At the blinking red light that announced the Courthouse square, Bobby turned right and drove out past the old hotel that needed to be torn down, the Co-op wheat elevator, and the Case farm implement dealership.  He made a left on a small dirt road and pulled up in front of the little frame house.  He wearily made his way inside, flipped on a light, and headed for the refrigerator.  He made himself a couple of hamburger patties and threw them in a skillet. 
            As his meat cooked, he went to the mailbox and pulled out a handful of mail.  There were circulars and bills, all of which he ignored.  He studied the return address of the large, clasp-closed envelope:  “Venture Enterprises, P. O. Box 200000, Topeka, KS.”  His fingers trembled as he fought to get the thing opened.  He pulled the pages out.  The top sheet was addressed to him. 
            “We have enclosed our latest plans for our Venture.  However, we do need assurances that you are as poised for action as we are.  Your Certificates of Deposit are sufficient to make you a Venture partner.  However, we need assurance of liquidity.  Transfer of funds from CD’s would be too cumbersome when the time comes for the Venture to be executed.  We request that you take the following actions:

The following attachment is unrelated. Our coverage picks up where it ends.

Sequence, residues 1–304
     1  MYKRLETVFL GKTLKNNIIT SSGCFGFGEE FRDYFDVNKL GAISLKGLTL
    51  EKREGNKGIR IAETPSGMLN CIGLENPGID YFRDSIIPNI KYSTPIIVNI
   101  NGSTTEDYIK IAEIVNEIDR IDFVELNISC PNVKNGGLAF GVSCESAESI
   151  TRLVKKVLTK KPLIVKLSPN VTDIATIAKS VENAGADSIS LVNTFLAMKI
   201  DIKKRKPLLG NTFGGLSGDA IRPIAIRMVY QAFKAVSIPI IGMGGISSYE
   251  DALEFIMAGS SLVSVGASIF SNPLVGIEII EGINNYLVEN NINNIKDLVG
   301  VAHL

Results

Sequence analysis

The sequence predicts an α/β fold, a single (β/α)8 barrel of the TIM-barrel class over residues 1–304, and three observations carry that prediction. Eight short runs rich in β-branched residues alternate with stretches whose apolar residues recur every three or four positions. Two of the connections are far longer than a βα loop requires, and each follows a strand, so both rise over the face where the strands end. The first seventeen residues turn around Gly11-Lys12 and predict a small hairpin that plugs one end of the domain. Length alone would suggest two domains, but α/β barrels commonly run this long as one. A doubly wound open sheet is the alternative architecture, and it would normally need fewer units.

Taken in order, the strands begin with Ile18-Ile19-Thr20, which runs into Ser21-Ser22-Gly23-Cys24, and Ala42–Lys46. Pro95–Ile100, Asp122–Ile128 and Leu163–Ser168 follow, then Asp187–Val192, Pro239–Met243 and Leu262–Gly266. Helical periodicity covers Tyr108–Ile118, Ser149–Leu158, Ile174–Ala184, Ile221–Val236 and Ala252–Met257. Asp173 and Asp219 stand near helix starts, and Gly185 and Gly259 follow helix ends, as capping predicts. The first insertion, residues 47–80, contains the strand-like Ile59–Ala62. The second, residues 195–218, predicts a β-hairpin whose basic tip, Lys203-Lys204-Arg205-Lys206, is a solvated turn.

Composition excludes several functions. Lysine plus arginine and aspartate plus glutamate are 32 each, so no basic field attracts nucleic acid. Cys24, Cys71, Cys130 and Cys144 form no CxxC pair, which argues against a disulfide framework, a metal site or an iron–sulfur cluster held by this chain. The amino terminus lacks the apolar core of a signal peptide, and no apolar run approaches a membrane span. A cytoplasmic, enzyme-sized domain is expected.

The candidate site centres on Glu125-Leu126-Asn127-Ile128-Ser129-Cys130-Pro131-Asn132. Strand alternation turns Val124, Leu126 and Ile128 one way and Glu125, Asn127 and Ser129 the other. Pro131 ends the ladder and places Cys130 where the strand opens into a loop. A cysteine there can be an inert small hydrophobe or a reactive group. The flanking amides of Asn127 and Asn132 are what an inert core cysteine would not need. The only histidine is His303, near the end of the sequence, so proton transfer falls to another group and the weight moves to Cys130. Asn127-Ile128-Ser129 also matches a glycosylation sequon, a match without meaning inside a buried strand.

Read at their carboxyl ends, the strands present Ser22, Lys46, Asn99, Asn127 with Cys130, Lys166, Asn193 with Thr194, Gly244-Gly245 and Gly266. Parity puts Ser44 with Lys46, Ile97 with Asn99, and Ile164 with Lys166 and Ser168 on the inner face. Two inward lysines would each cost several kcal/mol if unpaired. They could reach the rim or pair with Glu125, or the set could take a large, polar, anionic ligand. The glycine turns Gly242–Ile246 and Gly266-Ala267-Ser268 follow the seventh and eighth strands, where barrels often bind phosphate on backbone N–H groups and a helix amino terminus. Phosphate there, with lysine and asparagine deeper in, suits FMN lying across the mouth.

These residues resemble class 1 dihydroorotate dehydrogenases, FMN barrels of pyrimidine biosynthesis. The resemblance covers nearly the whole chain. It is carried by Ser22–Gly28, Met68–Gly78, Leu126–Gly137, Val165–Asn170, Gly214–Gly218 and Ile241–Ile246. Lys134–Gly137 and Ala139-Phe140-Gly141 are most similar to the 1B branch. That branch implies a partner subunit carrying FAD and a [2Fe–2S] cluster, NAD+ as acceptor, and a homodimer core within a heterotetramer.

“1.  Transfer all funds to a regular checking account in one bank.
            “2.  Authorize our company to draft your account for the agreed-upon amount upon execution of the Venture.
            “3.  Send us proof of these actions with the next ten (10) days.”
            Bobby flipped his hamburgers.  He skimmed the other pages in the communication.  Mostly, they were plans he had already anticipated:  buyout of several feedlots, foreclosure on loans that had been bought from various mortgage houses, and other such plans.  The overall plan was a complex scheme that had been put together by a financial genius.  Bobby promised himself that he would look over these latest plans carefully later that night.  He had not been careless about this whole deal.  He had run down every detail.  But right now, his mind was on the latest instructions.  He was in this thing now.  Details of the plan were important.  But more important was following these instructions.